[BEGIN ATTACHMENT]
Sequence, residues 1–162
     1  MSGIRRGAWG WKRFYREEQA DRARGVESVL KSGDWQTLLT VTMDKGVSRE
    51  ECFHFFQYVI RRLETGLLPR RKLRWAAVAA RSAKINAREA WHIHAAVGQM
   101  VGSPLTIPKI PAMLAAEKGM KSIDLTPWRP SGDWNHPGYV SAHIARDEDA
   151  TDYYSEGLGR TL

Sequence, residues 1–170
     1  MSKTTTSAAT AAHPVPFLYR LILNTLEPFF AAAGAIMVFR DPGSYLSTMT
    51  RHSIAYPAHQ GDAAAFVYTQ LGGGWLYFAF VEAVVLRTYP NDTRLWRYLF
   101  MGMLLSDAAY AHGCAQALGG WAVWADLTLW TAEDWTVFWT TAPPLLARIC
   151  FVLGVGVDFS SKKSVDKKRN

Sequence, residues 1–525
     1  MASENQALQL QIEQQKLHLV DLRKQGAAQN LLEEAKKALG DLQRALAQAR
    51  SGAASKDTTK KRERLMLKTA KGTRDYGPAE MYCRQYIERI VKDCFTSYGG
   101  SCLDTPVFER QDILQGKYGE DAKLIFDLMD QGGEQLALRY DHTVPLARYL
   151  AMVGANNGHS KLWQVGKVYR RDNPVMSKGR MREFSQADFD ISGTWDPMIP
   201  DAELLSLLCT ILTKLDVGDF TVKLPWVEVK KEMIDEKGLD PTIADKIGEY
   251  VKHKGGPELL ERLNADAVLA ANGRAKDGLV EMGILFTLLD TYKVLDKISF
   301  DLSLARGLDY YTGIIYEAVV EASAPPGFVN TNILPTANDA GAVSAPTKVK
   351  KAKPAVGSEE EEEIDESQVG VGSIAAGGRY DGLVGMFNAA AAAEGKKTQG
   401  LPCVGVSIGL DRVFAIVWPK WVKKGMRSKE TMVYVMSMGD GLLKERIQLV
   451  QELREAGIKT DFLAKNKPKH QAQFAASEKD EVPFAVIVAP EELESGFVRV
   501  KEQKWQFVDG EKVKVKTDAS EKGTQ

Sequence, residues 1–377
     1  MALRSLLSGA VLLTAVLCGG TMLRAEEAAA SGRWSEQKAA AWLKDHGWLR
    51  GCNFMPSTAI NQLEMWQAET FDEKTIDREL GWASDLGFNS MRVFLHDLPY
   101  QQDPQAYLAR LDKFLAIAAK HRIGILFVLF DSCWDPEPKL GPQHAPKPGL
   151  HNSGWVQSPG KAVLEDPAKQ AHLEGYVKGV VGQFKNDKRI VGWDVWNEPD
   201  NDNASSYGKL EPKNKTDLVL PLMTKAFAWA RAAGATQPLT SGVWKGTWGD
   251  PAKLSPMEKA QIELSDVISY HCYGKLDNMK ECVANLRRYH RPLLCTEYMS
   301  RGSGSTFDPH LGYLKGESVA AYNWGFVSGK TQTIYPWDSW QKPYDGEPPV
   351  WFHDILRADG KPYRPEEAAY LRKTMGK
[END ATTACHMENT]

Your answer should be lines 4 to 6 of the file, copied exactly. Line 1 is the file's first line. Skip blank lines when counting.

   101  VGSPLTIPKI PAMLAAEKGM KSIDLTPWRP SGDWNHPGYV SAHIARDEDA
   151  TDYYSEGLGR TL

Sequence, residues 1–170